Then the average of those will be:
If we just keep track of those averages, we have a problem. Say we have this series of values from three different sources:
If each of those sources are averaged, we end up with these values:
If we naïvely average those (summing them and dividing by the total) we’ll end up with:
but if we do the same on the original values, we get:
This happens because we’ve lost some information in the aggregated values, and the averages by themselves do not form a commutative monoid.
But, we can fix this by changing the data we’re storing. What if instead of storing the average, we store the average and the count of the elements that created it? All of our original values would just have a count of 1, but the aggregated values would become:
Then we could combine these using a weighted average:
So, a combination of an average and a count do form a commutative monoid under the operation of weighted average.
Numerical stability
This formula isn’t numerically stable when using floating point numbers in a computer, which is to say, inaccuracies can creep in. A detailed analysis of this problem can be found in this paper.
It’s easy to get fixated on numbers as the elements of sets, but the beauty of abstract algebra and group theory is that it applies to any set of “objects” that follow the rules of the structure we’re interested in.
An example from the book A Book of Abstract Algebra of this is, imagine you’re at a family reunion, and through some method we come up with a way to determine given two people which person at the reunion is their closest common ancestor. The people at the reunion would be the “set of objects” and “closest common ancestor” would be the operation^{2}.
What’s the take away here?
There are many scenarios that can be looked at from this angle of commutative monoids and abelian groups. The nice thing about these structures is that the intermediate values are fairly static when it comes to how much space they take. We don’t have to store all the averages if we don’t want to. How many snapshots you take over time only limits the resolution at which you can see individual results, but don’t affect the final calculation.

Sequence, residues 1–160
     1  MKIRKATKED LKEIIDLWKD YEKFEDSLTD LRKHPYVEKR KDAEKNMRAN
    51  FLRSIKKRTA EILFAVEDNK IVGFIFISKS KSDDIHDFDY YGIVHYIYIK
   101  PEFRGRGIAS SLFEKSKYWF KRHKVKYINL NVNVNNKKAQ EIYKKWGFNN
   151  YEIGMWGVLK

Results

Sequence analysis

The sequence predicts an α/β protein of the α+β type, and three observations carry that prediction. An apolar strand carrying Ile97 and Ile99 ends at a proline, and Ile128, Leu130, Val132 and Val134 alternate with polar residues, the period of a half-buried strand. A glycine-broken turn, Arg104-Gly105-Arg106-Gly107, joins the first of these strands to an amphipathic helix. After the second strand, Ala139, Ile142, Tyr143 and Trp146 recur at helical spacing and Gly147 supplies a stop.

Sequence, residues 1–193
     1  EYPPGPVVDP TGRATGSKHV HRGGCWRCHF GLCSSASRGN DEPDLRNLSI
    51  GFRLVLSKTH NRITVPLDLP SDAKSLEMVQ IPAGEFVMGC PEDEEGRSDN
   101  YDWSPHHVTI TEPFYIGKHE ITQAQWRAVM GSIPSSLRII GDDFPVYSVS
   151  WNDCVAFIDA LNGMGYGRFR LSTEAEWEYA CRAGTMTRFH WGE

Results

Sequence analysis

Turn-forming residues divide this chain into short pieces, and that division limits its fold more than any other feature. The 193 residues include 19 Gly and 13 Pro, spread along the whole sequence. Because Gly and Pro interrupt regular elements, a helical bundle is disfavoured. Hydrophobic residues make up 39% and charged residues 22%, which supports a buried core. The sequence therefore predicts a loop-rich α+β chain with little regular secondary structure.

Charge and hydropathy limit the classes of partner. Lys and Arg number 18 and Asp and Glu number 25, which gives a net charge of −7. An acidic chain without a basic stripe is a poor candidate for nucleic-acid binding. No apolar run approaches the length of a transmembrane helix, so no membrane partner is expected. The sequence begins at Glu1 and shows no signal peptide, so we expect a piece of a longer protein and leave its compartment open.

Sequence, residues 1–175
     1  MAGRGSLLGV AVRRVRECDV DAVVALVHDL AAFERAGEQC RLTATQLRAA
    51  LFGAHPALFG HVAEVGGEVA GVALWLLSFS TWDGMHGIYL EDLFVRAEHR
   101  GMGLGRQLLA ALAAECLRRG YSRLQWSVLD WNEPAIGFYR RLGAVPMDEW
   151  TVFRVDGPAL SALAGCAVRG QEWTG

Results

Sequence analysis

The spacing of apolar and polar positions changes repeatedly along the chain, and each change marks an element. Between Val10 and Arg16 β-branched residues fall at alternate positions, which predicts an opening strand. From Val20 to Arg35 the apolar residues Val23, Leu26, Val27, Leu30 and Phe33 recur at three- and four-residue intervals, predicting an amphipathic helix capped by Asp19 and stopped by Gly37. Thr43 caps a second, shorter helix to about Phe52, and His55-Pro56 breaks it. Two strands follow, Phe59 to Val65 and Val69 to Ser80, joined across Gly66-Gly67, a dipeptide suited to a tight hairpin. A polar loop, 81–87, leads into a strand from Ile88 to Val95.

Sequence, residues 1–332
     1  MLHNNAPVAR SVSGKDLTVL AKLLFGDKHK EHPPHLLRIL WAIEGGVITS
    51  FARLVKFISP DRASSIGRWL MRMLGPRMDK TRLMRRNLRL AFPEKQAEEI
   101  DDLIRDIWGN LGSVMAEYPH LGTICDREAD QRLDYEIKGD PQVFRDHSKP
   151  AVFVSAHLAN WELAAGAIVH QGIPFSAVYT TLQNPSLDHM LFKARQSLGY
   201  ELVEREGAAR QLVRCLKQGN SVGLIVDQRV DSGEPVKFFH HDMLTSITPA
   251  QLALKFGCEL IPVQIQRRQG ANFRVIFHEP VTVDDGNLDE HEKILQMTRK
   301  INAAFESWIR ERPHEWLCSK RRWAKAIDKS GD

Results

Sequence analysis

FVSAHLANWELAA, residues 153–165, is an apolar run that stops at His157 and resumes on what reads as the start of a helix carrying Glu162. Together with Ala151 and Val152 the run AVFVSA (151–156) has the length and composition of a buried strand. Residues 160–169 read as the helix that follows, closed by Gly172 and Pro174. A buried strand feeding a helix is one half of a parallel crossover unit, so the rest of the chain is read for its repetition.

There are also quite a few scenarios that don’t fit this model.
An example of something that would be nice to track this way, unique visitors, is impossible to do under this model. This problem is known as the countdistinct problem and has space requirements proportional to the cardinality of the set of possible values. The best we can do is something like HyperLogLog to form a fairly accurate estimate.
But that’s a story for another time.
Book Recommendations
The only book I still own on the topic is A Book of Abstract Algebra by Charles Pinter. It’s a typical math book, so being comfortable with algebra and set theory would be helpful (there’s a review of the latter in one of the appendices).
It’s been a while since I read it, but it does a good job of going from the basics all the way through Galois Theory^{3}.
Footnotes

This is sort of me doing a variant of the Feynman technique.

They leave out an explanation of what the “identity” element would be, so this is a commutative semigroup, since the operation is associative and commutative, but the set lacks an identity element. Even taking yourself as your own ancestor, there is no single person with whom you could compare anyone’s common ancestors and get back that person.

Named after Évariste Galois from the early 19th century who came up with the idea when he was 18. Who knows what he could have accomplished if he hadn’t died at 20 in a duel.)